A key to improving LD patient experience has been training staff – something which is a challenge for all organisations struggling to keep the frontline covered and costs down. Sally has provided formal training for over 1,000 staff since joining us but Sally’s approach is to educate, challenge and promote great care at every opportunity.

Typically for Sally she has been creative in her approach to training – building an army of 40 ‘link professionals’ enables on the job, informal training opportunities provided by people with a passion for LD issues on their own wards reducing the need for staff to leave the ward to attend training sessions. Sally also walks the wards – chatting and explaining as she goes – this personal approach enables staff to learn in a straightforward, practical way enabling staff to ‘just do it’. This approach has enabled staff to ‘join the dots’ and realise the fat handled cutlery can be really useful for patients with a LD as well as enabling staff to recognise the clues from patients when they need the toilet or are in pain.

Sally’s army of link professionals are often people touched by LD through their own lives as family members or carers/friends. Encouraging champions with this personal understanding can require some challenge and support but reaps rewards through their dedication and inherent understanding and empathy. Sally has developed their skills to enable them to support others in understanding mental capacity and facilitating consent; best ways to support people and make reasonable adjustments; enabling communication and understanding of people as individuals; ensuring family carers are involved.

Sally’s approach is to enable and encourage patients with a LD to have a say over what happens – however small or limited that ability might be – and encouraging/enabling staff to likewise.

This belief in personal empowerment and opportunity extends to Sally having created a learning disabilities (LD) expert patient support network who have undertaken the Expert Patient Support Programme training. This group is now fully involved in the development and progress of hospital services and proposed changes which also positively impact on services for all patients and carers. The group provide feedback on their own and others’ experiences of accessing the hospital and have advocated for patients and carers at training and development events. In particular they advised on the redesign of Central Outpatients providing insight into the signage and way-finding project whereby a mixture of coloured corridors, improved maps and signage using symbols as well as words was introduced.

In August they undertook an access audit of this completed work in Central Outpatients and gave a thumbs up to most of the signage whilst identifying further work needed on the maps and also the disabled access toilets. Without Sally’s support and championing this group would not have the gravitas it does nor would the voice of those with an LD be heard so loudly.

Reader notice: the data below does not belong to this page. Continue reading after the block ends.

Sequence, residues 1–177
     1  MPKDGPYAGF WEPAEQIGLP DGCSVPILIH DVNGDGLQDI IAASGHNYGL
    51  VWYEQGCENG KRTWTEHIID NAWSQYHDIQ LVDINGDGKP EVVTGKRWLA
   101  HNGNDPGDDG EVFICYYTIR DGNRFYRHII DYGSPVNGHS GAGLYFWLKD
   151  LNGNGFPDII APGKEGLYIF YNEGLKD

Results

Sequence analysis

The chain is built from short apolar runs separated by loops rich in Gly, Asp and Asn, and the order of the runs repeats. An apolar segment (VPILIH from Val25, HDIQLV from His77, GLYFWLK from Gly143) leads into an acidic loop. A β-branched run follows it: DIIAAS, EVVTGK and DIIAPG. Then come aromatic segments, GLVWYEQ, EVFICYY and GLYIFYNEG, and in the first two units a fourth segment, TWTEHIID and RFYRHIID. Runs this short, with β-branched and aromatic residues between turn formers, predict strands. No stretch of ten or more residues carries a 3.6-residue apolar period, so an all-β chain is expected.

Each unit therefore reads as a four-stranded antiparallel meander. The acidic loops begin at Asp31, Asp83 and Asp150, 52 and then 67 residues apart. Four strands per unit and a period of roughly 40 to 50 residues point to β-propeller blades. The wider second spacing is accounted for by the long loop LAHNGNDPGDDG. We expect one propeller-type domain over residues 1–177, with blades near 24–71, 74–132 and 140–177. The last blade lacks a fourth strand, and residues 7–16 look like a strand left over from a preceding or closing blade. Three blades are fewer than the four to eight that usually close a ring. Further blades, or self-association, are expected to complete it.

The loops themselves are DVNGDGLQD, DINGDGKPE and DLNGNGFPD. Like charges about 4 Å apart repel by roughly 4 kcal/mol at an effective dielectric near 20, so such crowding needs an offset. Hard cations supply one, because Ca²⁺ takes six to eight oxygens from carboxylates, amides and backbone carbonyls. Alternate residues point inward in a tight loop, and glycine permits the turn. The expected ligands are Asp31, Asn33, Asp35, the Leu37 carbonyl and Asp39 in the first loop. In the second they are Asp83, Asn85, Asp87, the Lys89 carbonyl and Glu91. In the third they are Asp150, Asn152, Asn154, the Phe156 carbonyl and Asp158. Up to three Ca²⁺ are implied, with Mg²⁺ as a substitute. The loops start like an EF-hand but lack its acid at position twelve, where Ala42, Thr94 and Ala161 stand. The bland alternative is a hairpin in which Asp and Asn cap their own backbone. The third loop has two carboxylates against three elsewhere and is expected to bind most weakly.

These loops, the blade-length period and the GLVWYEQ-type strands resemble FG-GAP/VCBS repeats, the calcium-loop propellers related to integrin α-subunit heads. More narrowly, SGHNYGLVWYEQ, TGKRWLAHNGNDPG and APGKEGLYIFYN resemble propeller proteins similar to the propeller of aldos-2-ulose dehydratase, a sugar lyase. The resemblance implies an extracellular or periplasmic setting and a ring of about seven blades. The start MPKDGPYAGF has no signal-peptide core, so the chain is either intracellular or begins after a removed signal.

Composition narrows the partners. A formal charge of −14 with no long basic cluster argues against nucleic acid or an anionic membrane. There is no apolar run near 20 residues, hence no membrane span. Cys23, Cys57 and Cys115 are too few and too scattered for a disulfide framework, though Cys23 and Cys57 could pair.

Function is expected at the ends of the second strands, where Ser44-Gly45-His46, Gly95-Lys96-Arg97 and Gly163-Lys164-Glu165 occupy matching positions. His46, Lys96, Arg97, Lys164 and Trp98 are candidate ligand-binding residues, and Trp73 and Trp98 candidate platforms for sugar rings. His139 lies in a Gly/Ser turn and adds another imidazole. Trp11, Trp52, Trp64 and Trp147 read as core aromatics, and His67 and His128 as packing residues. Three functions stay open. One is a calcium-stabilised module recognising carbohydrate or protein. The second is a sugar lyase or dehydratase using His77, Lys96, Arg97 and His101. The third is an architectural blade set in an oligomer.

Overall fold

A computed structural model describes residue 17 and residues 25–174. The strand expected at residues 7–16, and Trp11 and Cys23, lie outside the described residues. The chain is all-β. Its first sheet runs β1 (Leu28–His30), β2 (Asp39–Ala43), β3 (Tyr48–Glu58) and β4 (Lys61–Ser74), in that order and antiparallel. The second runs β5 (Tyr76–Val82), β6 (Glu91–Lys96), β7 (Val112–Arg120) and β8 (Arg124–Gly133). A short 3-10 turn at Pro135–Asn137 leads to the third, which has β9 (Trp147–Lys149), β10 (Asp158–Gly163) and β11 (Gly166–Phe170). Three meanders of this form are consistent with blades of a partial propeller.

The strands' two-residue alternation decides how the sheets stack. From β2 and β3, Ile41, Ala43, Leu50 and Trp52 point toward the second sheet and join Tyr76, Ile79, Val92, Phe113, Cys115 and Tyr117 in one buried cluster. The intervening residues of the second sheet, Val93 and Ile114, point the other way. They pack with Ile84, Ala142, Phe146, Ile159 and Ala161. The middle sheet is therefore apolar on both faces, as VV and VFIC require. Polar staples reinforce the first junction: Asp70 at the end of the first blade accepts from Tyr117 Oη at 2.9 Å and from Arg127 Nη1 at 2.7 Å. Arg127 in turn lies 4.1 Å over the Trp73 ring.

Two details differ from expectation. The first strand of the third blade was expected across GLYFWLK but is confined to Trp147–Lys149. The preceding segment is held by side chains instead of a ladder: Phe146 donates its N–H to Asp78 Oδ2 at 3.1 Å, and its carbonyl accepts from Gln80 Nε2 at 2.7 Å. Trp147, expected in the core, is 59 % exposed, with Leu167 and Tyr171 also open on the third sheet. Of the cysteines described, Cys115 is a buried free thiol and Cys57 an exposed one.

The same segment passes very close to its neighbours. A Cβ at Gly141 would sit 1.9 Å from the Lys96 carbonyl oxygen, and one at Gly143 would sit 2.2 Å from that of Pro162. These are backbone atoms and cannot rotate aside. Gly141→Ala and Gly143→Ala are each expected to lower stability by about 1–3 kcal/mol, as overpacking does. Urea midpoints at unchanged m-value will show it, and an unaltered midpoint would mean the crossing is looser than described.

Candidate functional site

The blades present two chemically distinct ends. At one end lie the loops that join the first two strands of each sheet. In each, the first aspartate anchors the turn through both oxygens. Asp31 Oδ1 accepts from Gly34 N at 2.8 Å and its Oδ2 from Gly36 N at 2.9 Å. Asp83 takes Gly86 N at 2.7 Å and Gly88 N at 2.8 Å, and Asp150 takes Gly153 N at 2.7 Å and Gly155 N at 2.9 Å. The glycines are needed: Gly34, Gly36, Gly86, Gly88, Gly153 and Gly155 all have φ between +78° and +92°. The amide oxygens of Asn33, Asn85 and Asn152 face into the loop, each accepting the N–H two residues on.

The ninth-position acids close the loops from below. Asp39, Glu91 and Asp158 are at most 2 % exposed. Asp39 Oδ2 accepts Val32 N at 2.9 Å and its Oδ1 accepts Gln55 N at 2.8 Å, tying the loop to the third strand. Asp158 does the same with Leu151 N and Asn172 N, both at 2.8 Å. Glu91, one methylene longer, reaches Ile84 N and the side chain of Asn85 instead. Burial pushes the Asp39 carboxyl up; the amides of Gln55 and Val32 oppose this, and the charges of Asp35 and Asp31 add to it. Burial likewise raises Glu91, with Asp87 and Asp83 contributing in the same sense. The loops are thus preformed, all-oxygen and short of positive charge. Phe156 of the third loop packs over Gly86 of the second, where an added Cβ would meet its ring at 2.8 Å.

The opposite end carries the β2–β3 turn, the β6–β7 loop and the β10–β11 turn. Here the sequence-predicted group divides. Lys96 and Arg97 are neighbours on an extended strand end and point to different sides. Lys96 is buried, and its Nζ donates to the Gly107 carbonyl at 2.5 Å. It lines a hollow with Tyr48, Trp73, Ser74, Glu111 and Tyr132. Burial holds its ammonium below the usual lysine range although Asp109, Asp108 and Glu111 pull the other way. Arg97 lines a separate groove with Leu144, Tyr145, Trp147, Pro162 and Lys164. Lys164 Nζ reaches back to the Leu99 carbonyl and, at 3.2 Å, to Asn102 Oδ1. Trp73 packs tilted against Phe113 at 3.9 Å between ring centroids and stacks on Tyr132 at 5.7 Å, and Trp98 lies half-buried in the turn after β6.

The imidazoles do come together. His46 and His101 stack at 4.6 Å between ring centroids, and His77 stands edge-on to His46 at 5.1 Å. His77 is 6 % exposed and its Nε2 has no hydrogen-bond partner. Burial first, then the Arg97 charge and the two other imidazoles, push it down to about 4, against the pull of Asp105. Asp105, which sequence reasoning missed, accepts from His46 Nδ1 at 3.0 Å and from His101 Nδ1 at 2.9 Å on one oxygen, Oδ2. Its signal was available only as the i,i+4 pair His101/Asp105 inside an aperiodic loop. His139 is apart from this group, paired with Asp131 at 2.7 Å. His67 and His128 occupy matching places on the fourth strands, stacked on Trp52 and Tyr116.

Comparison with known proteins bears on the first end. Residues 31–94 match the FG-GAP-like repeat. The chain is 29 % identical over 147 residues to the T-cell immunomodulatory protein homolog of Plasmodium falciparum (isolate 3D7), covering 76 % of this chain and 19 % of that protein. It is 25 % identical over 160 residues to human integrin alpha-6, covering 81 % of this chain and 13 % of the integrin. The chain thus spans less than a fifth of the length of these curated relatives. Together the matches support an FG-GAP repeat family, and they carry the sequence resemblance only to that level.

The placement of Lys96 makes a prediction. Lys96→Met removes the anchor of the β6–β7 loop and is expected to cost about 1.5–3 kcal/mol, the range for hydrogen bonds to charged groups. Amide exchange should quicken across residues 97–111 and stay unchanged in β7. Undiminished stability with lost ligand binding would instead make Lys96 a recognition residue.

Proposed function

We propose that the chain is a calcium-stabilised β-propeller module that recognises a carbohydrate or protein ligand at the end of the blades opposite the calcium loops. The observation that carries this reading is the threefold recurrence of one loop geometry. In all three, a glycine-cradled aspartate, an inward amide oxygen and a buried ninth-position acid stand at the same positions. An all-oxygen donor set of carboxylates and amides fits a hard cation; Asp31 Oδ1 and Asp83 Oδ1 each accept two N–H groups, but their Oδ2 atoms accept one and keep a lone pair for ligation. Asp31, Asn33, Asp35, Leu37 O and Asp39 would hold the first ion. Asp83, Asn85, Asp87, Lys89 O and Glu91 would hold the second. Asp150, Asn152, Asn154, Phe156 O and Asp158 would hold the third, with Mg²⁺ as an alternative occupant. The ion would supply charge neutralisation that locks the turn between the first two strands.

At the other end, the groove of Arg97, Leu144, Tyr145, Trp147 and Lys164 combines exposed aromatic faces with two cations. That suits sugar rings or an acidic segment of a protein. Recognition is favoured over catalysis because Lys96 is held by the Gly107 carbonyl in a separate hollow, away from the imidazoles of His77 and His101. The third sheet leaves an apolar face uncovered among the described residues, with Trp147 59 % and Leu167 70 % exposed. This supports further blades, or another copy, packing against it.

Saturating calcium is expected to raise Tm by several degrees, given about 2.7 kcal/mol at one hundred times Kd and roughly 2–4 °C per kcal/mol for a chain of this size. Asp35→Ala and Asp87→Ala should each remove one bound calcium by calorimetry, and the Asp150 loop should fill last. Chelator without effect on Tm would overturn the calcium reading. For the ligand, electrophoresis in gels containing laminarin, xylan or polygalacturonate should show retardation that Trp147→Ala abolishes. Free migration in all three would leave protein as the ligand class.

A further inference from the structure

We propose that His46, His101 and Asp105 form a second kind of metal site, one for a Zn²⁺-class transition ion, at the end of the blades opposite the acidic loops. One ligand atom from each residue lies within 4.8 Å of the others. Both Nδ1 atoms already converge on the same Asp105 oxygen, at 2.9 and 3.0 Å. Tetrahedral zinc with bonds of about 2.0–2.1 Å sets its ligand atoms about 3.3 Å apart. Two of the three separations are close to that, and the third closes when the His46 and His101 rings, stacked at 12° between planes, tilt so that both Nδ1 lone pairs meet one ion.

Sally has also led the way in creating a more seamless service – she facilitated Ipswich being the first hospital regionally to establish information sharing protocols with GPs and the Local Authority to ensure the early identification of people with LD via an alert across all patient administration systems. This has recently been recognised nationally as best practice and ensures potential barriers to accessing services are removed.

People with an LD are thus identified early, pre appointment assessments can be made, adjustments identified and patients/their carers are enabled to be actively involved in their care and treatment, with the hospital making the necessary reasonable adjustments to support individualised care.

This specific care is supported by the introduction of the LD patient passport and use of a purple dot symbol to be a visual reminder for staff on the Patient Needs at a Glance board above the bed.

Sally has supported 328 elective attendees on various pathways ensuring the highest quality of person centred care is provided.

Sally has ensured we have introduced access to easy read literature and is always finding creative tools for engaging and communicating with LD patients.

Ensuring the LD voice is heard is central to Sally’s tenet and as well as the expert patient group she has developed an ‘easy read’ feedback form although much of the feedback comes back via personal anecdote collected in conversation with patients and their carers. The grapevine is a very strong conduit for information and feedback within the local LD community. Before Sally started working with us the grapevine talked about how frightening hospital was and the few poor experiences coloured all. To ensure we learn from mistakes Sally instigated an alert system whereby all incidents, complaints and compliments involving a person with LD are reviewed by Sally who ensures that if there is a risk or area of concern, the necessary changes are made.

The grapevine now talks about the changes made and the ‘good stuff’ instigated by Sally and there has been a gradual shift in the ‘collective memory’ of the LD community. There can be no better illustration of the esteem Sally is held in and the impact of her work than the very recent LD community event held in September – Sally attended to talk about the changes at the hospital and she was treated to a standing ovation as she walked into the hall.